El Mago de las Fritas
Photo by billwisserphoto.com

There's a reason Chopped judge and celebrity chef Amanda Freitag told New Times this place is her first stop when she lands in Miami. El Mago de las Fritas is casual and family-owned, with more than three decades of legacy. This spot does classic dishes best, especially the beloved frita, which is how owner Ortelio Cárdenas earned his nickname of "El Mago," or "The Magician." Cárdenas is 77 years old and handcrafts the patties himself. His fritas are perfectly sized, impeccably juicy and flavorful, and lack the grease that taints some Cuban burgers. Though he keeps his seasoning and sauce recipes a secret, Cárdenas is eager to share the renowned finished product, which sells for only $3.50 each. Miami has lots of options when it comes to this local staple, but choose the spot with the magic touch. El Mago de las Fritas is open Monday through Thursday from 10 a.m. to 8 p.m. and Friday and Saturday from 10 a.m. till the last customer leaves.

Oasis Cafe
Nicola Haubold

Most early mornings, a line of bicyclists snakes out of Oasis Café, a hole-in-the-wall Cuban cafeteria in Key Biscayne. It's one of the first stops on the Key. But the place is not just named after its beachside luxury — it's a beacon of hope, serving affordable and quality Cuban food to Key Biscayne's affluent residents. The empanadas here are the best in their class. A crisp shell gives way to a doughy center, oozing traditional fillings: cheese and onion, spinach, chicken, or beef. For bicyclists and beachgoers alike, this empanada is the handiest option, packing home-cooked flavor into a compact half-moon.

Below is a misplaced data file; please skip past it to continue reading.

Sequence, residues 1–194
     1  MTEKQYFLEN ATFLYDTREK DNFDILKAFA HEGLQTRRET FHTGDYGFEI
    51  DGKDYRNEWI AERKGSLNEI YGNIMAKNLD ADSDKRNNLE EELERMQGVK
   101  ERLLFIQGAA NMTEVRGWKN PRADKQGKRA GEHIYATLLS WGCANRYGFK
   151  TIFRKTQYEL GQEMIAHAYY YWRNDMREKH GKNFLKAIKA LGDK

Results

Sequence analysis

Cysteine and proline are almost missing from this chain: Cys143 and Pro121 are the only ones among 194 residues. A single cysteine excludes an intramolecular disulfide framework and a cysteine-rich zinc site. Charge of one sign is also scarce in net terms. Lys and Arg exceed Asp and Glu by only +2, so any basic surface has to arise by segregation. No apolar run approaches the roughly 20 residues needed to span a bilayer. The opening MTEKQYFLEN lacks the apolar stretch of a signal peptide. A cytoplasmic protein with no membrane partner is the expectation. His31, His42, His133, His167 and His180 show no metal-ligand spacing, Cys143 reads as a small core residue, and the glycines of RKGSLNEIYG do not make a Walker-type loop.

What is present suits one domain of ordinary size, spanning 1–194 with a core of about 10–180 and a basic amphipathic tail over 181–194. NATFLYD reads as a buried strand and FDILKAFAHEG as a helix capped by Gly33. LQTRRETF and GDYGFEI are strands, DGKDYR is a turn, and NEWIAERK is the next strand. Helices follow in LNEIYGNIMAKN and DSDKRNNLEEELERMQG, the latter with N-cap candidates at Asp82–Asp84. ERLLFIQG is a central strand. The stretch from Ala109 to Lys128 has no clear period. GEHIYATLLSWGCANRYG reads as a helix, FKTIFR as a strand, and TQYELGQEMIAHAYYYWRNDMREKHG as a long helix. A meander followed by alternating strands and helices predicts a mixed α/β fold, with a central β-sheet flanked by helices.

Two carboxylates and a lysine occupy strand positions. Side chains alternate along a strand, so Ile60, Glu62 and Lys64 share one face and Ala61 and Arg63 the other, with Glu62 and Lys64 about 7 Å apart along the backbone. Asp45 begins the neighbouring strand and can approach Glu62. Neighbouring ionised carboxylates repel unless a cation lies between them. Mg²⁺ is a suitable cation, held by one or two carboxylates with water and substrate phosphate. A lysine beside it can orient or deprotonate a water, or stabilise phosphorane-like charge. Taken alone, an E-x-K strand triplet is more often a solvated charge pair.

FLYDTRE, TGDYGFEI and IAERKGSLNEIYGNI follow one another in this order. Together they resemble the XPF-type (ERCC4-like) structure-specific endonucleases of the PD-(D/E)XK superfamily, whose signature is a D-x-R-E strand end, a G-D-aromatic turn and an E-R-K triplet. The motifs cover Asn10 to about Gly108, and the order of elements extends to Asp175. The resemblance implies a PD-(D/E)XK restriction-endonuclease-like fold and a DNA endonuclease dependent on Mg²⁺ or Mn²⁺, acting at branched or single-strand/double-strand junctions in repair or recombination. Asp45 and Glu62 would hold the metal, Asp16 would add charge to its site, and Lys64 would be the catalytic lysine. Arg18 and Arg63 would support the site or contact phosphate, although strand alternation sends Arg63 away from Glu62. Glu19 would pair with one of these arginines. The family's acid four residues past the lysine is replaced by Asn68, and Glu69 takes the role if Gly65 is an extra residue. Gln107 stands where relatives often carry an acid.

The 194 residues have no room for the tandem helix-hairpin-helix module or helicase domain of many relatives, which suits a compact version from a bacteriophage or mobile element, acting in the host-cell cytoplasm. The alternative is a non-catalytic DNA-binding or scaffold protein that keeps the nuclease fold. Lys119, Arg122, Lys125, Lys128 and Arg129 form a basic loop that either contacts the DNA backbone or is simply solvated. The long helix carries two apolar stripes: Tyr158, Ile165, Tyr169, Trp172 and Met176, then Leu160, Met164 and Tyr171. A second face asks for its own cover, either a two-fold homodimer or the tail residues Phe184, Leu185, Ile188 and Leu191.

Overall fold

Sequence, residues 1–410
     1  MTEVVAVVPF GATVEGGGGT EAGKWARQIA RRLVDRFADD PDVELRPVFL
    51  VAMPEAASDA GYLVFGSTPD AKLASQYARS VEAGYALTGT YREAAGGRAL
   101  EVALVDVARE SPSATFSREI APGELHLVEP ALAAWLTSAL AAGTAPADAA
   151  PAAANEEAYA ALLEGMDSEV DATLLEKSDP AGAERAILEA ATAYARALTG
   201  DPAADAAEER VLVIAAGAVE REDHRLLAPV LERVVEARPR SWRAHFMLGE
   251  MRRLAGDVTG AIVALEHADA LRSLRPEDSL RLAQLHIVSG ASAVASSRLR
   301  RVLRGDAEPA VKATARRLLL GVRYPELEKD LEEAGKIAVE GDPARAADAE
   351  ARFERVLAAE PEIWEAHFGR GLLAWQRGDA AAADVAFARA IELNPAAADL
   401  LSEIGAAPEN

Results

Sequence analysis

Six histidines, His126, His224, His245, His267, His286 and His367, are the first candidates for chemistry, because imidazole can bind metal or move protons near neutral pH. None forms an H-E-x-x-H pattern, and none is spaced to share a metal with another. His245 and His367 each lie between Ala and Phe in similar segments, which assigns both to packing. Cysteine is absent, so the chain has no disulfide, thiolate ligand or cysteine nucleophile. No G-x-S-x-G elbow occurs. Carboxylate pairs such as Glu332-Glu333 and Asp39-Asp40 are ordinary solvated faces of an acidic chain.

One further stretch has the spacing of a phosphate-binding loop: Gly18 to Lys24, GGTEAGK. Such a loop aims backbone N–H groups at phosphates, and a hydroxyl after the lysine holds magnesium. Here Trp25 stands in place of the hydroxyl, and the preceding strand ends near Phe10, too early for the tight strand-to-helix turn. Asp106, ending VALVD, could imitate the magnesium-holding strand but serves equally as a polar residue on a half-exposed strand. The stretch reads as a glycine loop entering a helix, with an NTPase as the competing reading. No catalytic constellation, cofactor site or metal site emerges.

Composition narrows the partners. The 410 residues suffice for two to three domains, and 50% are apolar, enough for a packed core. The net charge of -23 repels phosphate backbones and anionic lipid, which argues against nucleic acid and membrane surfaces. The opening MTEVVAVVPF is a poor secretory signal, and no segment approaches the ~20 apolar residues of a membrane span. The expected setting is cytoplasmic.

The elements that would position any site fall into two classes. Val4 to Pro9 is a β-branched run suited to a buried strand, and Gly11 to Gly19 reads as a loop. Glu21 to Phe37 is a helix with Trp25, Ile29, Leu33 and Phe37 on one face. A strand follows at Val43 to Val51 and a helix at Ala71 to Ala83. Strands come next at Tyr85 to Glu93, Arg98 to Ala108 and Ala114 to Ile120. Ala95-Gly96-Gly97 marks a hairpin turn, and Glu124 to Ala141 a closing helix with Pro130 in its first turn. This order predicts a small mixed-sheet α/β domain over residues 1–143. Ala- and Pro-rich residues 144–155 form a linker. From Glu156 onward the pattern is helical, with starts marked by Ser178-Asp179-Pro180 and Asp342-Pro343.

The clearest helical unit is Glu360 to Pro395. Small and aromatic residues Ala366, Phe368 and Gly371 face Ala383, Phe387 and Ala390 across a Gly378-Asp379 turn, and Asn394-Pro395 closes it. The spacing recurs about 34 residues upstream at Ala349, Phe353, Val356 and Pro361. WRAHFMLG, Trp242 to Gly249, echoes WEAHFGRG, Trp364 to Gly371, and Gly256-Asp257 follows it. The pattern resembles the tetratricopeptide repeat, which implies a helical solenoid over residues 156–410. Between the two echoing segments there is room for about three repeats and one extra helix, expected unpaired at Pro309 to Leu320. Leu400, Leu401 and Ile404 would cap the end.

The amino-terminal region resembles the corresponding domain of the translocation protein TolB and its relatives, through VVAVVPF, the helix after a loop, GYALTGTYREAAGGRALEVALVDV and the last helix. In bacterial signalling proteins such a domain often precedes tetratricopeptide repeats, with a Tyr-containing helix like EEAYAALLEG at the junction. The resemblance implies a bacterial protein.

Pack Supermarket and Cafeteria
Photo by Kristin Bjørnsen

At this Little Haiti commissary and walk-up window, three pieces of fried chicken with a little plastic ramekin of searing pikliz are yours for $2.25. How do they do it? By using drumsticks, the most cost-effective and flavorful morsel the bird offers. That's the way it's been for nearly two decades for Kernizan Philias, who opened the place in the late '90s with his family. The recipe is simple: skin-on bird and hot oil. But the combination is a kind of immaculate conception. The chicken's skin bubbles and crisps and tightens into a crunchy shatter that you swear is triple-breaded. But it's not. This is what happens when you apply the ingenious method of making griot — Haitian fried pork — to chicken. Call it voodoo. Call it simple genius. Whatever you call it, don't forget the $1 side of crisp plantains.

Readers' choice: Yardbird Southern Table & Bar

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Best Of Miami®